A Look At Harbor Freight Tools, Do They Last?

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One of the cheapest tool sellers in the U.S. is Harbor Freight Tools. Their stock is almost 100% imported, most of it from China and most tools sell for about half what similar ones do in hardware stores. I’ve been a customer of the store for years and there are some advantages and disadvantages of buying tools there.

If you are a professional contractor, and want tools that will last a lifetime, this probably isn’t the place for you. If on the on other hand you just want tools that will last for a couple of jobs, then the quality of Harbor Freight Tools should be fine for you.

Quality Issues With Harbor Freight Tools and What Tools To Avoid At Harbor Freight

You’ll notice little things with many of the parts you get from Harbor Freight, such as air hose connectors that may not be machined as precisely and more expensive ones, and which leak a small amount of air, or bristles that come out of cheap paint brushes when using them.

The quality of Chicago Electric tools is decent, along the lines some store brands, but often you may find that things such as the switch on a drill will act up, or batteries on cordless drills won’t last as long as major name brands. Harbor Freight has done a good job of coming up with names for Chinese made tools that sound like they could be made in the U.S.  Names such as Pittsburg, Chicago Electric, Central Forge and Central Pneumatic almost sound like major brand names. The quality of Central Pneumatic air compressors is decent and prices are hard to beat. I’ve got a 25 gallon upright air compressor from Harbor Freight that has been working fine for over two years. I’ve used it on jobsites, hauled it around in the back of the truck, and it still works.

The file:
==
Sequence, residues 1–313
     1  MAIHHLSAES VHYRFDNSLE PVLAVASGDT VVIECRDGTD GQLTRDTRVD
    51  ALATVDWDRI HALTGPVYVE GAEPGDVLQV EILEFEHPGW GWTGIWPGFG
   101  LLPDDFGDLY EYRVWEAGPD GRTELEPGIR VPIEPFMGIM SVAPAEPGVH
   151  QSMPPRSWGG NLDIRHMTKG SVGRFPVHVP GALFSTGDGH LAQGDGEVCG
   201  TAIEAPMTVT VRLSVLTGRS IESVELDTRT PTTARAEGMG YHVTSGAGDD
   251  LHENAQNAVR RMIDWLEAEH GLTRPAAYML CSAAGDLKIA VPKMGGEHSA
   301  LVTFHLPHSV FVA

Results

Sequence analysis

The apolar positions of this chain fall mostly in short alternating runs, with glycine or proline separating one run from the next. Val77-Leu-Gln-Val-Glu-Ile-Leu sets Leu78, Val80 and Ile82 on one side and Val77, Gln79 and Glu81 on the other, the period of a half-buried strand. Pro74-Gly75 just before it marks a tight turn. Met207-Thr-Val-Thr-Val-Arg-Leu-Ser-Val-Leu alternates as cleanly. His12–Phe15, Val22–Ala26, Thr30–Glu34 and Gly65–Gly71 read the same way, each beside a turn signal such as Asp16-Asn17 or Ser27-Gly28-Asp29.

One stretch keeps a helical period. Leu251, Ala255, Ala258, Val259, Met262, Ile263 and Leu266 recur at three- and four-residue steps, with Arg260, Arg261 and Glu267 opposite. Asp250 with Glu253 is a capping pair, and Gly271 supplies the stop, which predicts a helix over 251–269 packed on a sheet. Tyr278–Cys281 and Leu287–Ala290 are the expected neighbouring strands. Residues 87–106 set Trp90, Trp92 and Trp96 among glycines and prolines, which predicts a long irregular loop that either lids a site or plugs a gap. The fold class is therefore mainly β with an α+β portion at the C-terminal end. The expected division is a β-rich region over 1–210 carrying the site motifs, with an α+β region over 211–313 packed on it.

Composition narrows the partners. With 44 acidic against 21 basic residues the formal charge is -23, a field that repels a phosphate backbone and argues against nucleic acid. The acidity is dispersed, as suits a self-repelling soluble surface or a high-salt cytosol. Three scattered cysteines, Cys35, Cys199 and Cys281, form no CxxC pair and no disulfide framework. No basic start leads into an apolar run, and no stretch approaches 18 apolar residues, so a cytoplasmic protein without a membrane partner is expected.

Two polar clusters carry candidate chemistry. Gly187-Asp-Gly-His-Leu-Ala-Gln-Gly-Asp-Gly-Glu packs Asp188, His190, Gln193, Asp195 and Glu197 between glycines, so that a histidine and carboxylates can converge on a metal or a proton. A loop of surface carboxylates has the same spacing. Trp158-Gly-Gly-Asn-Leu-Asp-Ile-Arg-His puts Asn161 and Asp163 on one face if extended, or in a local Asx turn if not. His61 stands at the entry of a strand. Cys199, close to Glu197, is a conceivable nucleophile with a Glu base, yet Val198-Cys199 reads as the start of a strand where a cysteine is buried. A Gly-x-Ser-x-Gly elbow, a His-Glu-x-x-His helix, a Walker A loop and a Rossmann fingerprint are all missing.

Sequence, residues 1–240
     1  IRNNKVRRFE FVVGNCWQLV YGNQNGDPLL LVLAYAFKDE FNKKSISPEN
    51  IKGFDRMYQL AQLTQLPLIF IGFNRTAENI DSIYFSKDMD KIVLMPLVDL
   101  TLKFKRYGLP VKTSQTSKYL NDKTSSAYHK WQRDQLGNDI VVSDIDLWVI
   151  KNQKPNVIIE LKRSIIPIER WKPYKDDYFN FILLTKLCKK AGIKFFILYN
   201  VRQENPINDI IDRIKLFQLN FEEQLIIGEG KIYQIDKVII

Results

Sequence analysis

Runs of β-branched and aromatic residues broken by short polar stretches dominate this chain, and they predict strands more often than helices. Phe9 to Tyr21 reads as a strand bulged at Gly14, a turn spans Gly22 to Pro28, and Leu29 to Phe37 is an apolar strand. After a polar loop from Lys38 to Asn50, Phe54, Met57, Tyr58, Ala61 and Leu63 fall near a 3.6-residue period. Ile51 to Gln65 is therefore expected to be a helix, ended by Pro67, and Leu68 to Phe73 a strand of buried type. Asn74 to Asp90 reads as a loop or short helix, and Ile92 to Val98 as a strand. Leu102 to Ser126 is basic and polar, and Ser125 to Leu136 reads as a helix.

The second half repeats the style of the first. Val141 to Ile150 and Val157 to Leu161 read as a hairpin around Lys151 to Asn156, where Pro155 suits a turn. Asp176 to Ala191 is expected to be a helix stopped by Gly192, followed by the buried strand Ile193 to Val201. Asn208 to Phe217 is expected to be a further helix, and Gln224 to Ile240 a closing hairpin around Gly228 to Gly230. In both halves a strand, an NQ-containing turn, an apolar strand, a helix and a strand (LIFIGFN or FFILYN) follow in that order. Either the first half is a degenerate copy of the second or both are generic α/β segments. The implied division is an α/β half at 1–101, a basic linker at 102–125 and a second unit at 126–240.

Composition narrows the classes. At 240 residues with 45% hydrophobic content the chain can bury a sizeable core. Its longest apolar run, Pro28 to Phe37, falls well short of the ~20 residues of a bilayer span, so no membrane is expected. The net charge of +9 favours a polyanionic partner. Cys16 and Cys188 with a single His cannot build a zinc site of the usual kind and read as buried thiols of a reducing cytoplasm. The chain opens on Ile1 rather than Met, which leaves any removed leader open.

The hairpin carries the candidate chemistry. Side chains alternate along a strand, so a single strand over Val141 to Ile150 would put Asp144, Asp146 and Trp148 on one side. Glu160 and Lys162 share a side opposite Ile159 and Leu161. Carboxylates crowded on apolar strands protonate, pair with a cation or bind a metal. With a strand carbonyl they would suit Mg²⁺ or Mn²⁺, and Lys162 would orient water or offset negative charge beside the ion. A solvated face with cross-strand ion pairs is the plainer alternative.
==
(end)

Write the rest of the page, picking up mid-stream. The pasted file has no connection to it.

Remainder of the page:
Things like tape measures and hammers from Harbor Freight won’t last near as long as brand names like Stanley and Craftsman. Avoid buying Harbor Freight hammers with wooden handles, since they often break, like the one below.  Also avoid wire brushes, since the metal bristles may come out.

Having been warned that “you get what you pay for”, I’ve been pretty satisfied with the bargains I have found and the quality of Harbor Freight tools in general. When you consider that on new home construction sites a lot of little tools like hammers will go missing before the end of the job, it might be a good idea to buy cheaper ones.

(Note that these are my personal opinions about the quality of Harbor Freight Tools such as Chicago Electric, and are not those of TheInfoMine or any other party.)

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